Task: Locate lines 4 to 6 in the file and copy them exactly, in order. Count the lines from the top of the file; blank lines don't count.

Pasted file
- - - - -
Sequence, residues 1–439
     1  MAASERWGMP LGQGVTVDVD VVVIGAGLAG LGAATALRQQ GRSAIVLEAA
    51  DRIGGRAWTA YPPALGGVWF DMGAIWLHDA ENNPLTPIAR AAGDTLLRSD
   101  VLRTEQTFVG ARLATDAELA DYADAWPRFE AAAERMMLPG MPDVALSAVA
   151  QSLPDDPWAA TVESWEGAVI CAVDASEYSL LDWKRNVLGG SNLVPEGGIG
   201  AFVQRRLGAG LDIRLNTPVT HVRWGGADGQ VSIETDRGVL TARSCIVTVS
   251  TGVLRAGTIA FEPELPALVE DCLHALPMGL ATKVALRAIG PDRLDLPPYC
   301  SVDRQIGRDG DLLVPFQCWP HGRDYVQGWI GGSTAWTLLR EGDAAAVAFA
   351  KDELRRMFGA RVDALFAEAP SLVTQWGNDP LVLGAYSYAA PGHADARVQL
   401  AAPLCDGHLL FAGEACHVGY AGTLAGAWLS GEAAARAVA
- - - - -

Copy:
   101  VLRTEQTFVG ARLATDAELA DYADAWPRFE AAAERMMLPG MPDVALSAVA
   151  QSLPDDPWAA TVESWEGAVI CAVDASEYSL LDWKRNVLGG SNLVPEGGIG
   201  AFVQRRLGAG LDIRLNTPVT HVRWGGADGQ VSIETDRGVL TARSCIVTVS